Familial renal disease in animals

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Familial renal disease is an uncommon cause of renal failure (kidney failure) in dogs and cats. Most causes are breed-related (familial) and some are inherited. Some are congenital (present at birth). Renal dysplasia is a type of familial renal disease characterized by abnormal cellular differentiation of renal tissue. Dogs and cats with renal disease caused by these diseases have the typical symptoms of renal failure, including weight loss, loss of appetite, depression, and increased water consumption and urination. A list of familial renal diseases by dog and cat breeds is found below.

Familial renal disease in dogs[edit]

Basenji[edit]

Basenjis can be affected by a type of renal tubular dysfunction similar to that of Fanconi syndrome in humans.[1]

Beagle[edit]

Beagles can be affected by glomerular amyloidosis, which is deposition of amyloid in the kidney. Findings include protein in the urine. It does progress.

Bull Terrier[edit]

Bull Terriers can be affected by an inherited type of renal disease caused by basement membrane disease. Protein in the urine is a consistent finding. Bull Terriers are affected between the ages of one and eight years.[2]

Cairn Terrier[edit]

Cairn Terriers can be affected by polycystic kidney disease. Multiple small cysts are found in the kidneys. Cysts are present by the age of six weeks.[2] It is inherited through an autosomal recessive mechanism.[3]

Chow Chow[edit]

Chow Chows can be affected by renal dysplasia that progresses to renal failure and secondary fibrous renal osteodystrophy, causing fractures and "rubber jaw".

Cocker Spaniel[edit]

Cocker Spaniels can be affected by glomerular disease before the age of four years.[2] It does progress to renal failure. It is inherited as an autosomal recessive trait.[4]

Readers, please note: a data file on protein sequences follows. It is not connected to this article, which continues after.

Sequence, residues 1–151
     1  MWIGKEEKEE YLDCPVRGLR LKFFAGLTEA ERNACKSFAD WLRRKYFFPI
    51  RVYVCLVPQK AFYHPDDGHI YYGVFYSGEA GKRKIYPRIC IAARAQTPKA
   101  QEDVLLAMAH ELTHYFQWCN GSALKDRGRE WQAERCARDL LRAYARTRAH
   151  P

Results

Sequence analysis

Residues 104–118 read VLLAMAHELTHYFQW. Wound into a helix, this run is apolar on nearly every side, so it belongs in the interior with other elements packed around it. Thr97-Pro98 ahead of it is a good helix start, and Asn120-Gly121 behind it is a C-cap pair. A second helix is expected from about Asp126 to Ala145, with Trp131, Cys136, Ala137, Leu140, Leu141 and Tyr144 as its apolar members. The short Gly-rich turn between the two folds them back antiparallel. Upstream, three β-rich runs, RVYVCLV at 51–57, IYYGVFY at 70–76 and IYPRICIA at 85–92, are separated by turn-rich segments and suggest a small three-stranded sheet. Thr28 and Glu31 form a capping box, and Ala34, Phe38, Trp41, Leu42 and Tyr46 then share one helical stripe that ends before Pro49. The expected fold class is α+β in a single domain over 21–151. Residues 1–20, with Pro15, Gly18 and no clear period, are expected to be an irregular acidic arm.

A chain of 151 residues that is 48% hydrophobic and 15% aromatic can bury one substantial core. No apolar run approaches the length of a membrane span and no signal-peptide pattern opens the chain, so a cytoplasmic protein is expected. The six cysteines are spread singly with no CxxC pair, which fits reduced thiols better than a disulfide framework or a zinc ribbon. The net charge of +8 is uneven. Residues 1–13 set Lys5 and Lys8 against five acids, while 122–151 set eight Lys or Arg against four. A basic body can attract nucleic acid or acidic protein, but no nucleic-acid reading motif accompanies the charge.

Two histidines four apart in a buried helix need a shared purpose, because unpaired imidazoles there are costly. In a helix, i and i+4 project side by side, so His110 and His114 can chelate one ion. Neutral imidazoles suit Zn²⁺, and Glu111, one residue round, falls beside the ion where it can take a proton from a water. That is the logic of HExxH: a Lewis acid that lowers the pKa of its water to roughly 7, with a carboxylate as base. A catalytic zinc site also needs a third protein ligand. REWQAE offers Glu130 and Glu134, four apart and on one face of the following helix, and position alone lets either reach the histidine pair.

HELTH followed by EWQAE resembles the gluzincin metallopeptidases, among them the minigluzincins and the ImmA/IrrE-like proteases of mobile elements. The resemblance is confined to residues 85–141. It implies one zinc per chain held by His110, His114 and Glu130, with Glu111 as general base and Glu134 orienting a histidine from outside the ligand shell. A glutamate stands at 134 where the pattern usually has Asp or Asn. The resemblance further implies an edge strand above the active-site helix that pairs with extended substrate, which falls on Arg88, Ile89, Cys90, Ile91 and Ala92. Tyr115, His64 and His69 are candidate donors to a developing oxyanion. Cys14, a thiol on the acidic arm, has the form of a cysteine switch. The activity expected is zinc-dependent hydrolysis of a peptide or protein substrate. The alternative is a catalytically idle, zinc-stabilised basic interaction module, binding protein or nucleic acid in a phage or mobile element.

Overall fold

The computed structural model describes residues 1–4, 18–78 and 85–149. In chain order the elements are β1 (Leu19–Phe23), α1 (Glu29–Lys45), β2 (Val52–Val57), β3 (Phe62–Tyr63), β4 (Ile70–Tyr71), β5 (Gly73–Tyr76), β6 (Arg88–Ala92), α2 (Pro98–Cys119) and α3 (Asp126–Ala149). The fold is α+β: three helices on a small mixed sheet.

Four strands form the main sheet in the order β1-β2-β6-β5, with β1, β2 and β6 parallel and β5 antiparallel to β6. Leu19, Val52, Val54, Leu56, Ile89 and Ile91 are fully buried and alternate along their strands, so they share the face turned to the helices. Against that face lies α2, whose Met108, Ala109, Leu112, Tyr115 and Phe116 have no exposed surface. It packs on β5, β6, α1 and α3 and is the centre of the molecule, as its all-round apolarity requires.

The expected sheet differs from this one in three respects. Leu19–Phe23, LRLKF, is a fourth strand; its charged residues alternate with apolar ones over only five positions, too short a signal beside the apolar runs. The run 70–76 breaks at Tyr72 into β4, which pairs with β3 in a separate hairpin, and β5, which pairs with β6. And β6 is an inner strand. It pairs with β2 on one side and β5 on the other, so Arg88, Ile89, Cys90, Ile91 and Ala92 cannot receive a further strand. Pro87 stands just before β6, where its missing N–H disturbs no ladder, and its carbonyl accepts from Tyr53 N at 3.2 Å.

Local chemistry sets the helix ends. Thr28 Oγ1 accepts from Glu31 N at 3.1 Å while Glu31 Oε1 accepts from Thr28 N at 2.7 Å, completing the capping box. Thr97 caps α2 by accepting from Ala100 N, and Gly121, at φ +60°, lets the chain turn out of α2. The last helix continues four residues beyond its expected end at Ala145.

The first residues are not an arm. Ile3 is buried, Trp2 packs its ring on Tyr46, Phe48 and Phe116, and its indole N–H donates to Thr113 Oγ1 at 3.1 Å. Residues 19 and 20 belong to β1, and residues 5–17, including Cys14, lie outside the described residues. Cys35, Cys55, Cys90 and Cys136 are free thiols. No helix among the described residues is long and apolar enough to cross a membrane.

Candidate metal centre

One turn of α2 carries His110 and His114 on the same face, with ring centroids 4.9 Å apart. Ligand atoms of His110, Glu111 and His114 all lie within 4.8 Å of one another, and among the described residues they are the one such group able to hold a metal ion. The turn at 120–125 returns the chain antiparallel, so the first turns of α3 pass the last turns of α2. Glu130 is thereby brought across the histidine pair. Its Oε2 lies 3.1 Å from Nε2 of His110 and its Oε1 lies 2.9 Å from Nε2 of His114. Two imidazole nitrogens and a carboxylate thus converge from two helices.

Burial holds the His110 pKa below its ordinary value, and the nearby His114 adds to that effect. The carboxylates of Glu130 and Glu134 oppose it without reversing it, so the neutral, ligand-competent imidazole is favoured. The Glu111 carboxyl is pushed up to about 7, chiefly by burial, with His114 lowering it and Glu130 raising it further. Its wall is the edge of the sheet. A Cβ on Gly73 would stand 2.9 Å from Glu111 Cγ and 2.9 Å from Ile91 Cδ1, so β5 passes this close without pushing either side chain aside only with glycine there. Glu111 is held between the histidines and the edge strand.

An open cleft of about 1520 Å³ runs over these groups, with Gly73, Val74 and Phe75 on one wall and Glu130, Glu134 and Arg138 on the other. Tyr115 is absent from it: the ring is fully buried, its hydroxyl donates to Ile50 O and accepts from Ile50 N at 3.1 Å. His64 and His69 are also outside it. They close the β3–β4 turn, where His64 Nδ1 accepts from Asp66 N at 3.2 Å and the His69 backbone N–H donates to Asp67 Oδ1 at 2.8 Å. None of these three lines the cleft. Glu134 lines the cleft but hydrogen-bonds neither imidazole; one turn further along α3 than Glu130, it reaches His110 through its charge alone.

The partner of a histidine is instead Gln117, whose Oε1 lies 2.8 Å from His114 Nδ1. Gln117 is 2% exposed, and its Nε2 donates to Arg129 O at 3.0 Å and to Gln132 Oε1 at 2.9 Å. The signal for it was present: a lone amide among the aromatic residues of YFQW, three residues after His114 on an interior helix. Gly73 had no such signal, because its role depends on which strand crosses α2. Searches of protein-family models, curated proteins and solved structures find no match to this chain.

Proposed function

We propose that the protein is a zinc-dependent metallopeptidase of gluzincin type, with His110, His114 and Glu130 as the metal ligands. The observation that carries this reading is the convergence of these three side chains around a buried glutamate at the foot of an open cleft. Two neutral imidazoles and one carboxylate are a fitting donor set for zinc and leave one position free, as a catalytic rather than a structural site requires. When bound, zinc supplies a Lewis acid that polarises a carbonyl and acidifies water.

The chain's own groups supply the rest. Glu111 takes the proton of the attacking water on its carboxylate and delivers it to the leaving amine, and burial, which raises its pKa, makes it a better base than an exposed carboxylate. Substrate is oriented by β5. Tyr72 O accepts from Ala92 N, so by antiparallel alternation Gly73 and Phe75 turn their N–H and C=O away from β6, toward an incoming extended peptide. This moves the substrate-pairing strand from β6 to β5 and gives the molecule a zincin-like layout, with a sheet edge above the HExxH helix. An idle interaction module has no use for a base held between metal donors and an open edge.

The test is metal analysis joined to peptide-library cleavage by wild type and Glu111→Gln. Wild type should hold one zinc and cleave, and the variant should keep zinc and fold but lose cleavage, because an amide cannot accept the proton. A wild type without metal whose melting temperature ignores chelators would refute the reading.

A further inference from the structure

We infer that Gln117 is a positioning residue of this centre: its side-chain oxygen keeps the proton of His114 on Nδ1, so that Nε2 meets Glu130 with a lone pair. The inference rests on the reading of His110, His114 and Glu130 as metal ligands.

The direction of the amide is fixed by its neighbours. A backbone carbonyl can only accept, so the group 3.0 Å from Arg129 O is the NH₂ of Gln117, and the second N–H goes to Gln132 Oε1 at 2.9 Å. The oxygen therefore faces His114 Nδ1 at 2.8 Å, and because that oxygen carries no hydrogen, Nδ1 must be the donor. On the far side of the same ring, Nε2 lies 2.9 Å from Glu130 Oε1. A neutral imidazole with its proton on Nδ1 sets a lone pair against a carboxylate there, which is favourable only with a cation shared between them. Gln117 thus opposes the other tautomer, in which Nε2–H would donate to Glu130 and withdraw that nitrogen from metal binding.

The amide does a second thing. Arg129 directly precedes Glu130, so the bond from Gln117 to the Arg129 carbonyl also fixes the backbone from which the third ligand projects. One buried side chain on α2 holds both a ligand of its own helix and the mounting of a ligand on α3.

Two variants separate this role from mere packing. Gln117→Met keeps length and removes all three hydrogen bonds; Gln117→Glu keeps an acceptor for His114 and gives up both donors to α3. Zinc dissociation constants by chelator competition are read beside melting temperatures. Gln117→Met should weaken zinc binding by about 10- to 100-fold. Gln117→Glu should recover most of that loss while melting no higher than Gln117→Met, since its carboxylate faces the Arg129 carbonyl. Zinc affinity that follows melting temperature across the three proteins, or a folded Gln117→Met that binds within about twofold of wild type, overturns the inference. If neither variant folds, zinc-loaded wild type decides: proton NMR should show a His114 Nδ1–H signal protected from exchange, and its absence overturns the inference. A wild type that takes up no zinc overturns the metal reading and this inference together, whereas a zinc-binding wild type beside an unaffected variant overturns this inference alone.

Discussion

Doberman Pinscher[edit]

Doberman Pinschers can be affected by basement membrane disease of the kidneys that can progress to renal failure.

German Shepherd[edit]

German Shepherd dogs can be affected by multiple cystadenocarcinomas of the kidney. It is inherited and appears between the ages of five and 11 years.[2] Blood in the urine is often seen. It is sometimes accompanied by nodules in the skin or multiple uterine leiomyomas.

Lhasa Apso and Shih Tzu[edit]

Lhasa Apsos and Shih Tzus can both be affected by renal dysplasia before the age of five years.[2] It does progress to renal failure. It can be accompanied by fibrous osteodystrophy, caused by calcium absorption from the bone. Signs include bone fractures and "rubber jaw".

Miniature Schnauzer[edit]

Miniature Schnauzers can be affected by renal dysplasia before the age of five years.[2] It does progress to renal failure.

Norwegian Elkhound[edit]

Norwegian Elkhounds can be affected by renal tubule disease (Fanconi syndrome) that does not progress to renal failure. A consistent finding is glucose in the urine.

Rottweiler[edit]

Rottweilers can be affected by glomerular disease before the age of one year that does progress to renal failure.[2] Findings include protein in the urine and high cholesterol levels in the blood.

Samoyed[edit]